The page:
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Reduced Expected Risk for Xerostomia After Radiotherapy for Head and Neck Tumors Based On New Dose Constraints for the Contralateral (parotid and Submandibular) Glands

P Mavroidis

P Mavroidis*, M Kostich , K Hedrick , B Chera , D Fried , L Marks , S Das , University of North Carolina, Chapel Hill, NC


SU-I-GPD-T-249 (Sunday, July 30, 2017) 3:00 PM - 6:00 PM Room: Exhibit Hall

Purpose: To investigate the possibility of reducing the reported rates of xerostomia by using newly derived dose constraints for the contralateral parotid and submandibular glands during the optimization of the VMAT plans of patients with head and neck tumors.

Methods: Ten patients with oropharyngeal squamous cell carcinoma, who received de-intensified 60Gy intensity modulated radiotherapy are analyzed. Most of the patients reported xerostomia 12 months post radiotherapy based on the PRO-CTCAE scoring system. In the original plans, dosimetric constraints had been used for the contralateral parotid alone. Using newly derived dosimetric constraints for salivary glands and the input from the software PlanIQ, the plans of those patients were re-optimized using the same dosimetric constraints for the rest of the targets and organs at risk. Subsequently, the TCP and NTCP values of the different targets and organs at risk (OAR) of the two sets of plans were calculated and compared along with the P+ index, which is the probability of achieving tumor control without normal tissue complications.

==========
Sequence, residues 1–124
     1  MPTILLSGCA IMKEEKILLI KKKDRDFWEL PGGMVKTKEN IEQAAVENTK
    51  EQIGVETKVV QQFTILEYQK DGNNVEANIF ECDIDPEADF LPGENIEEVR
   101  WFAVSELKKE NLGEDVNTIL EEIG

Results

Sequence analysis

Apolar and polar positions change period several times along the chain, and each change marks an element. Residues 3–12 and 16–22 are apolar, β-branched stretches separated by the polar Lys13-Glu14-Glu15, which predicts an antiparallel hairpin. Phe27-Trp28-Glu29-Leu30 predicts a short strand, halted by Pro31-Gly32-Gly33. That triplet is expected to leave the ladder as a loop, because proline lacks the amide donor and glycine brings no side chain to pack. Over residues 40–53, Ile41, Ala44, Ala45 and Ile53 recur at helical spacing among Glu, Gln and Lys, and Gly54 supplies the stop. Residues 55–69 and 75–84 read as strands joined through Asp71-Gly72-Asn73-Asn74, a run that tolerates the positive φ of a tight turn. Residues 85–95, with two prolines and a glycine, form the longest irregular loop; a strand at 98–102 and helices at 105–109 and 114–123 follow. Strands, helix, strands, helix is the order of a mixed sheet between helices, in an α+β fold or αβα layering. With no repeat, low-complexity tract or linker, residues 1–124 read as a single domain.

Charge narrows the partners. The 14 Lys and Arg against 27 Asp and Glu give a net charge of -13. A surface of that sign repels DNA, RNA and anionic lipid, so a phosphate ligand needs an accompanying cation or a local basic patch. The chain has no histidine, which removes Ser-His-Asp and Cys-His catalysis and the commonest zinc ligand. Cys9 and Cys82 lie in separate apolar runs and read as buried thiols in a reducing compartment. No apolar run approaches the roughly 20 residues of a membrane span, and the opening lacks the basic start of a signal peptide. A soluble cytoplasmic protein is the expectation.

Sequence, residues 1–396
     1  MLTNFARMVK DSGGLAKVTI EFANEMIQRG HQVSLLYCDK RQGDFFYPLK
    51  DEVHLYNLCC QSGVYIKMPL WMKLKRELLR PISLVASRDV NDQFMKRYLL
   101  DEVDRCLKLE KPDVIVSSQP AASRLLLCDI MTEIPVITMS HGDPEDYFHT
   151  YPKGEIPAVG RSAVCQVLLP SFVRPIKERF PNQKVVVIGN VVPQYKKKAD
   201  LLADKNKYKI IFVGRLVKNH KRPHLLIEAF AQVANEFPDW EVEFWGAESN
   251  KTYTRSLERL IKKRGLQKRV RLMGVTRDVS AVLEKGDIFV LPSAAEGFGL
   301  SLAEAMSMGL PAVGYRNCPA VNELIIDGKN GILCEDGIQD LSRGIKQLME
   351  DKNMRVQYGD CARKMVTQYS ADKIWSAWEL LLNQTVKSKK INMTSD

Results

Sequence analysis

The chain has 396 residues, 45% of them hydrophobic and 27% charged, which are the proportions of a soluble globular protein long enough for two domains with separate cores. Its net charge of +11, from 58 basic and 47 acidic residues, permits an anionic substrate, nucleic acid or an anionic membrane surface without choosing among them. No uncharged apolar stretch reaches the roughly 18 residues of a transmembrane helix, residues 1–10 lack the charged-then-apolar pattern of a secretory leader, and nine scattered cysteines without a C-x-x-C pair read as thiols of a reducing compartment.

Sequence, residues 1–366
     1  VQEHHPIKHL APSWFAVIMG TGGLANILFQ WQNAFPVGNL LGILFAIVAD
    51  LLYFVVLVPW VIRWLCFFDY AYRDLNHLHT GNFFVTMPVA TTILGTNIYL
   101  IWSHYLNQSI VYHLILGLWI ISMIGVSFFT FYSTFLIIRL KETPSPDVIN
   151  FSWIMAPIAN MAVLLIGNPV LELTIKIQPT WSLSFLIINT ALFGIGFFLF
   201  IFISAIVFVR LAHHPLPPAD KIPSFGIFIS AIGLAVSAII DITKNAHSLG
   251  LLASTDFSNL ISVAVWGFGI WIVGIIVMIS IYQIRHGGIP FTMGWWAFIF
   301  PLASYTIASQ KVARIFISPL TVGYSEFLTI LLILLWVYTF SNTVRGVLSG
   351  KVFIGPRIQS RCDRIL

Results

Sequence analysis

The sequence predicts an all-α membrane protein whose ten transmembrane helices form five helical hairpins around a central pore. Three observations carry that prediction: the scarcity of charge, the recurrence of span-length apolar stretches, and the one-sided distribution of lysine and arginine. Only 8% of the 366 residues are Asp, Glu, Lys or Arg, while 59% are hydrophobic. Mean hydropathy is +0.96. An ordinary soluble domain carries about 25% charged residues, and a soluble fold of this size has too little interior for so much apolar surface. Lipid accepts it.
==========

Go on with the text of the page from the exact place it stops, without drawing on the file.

Results: Based on the results of the first four patients, the radiobiological plan evaluation shows that the re-optimized plans give better results than the original plans in terms of expected clinical outcome. Specifically, the average difference (new minus original) in P+=15.3±9.9%, total TCP=0.6±1.7% and total NTCP=-15.8±10.3%. The difference observed mainly stems from the lower NTCP values of the contralateral parotid and submandibular glands (combined) (34.7% vs. 52.9%). The TCP and NTCP differences to the rest of the targets and OARs ranged between 0.0% to 2.4%.

Conclusion: The findings of the analysis indicate that the plans that were optimized with the new dosimetric constraints for the salivary glands achieved equivalent expected tumor control with significantly lower risk for xerostomia associated to the contralateral parotid and submandibular glands, while preserving the sparing of the primary OARs.

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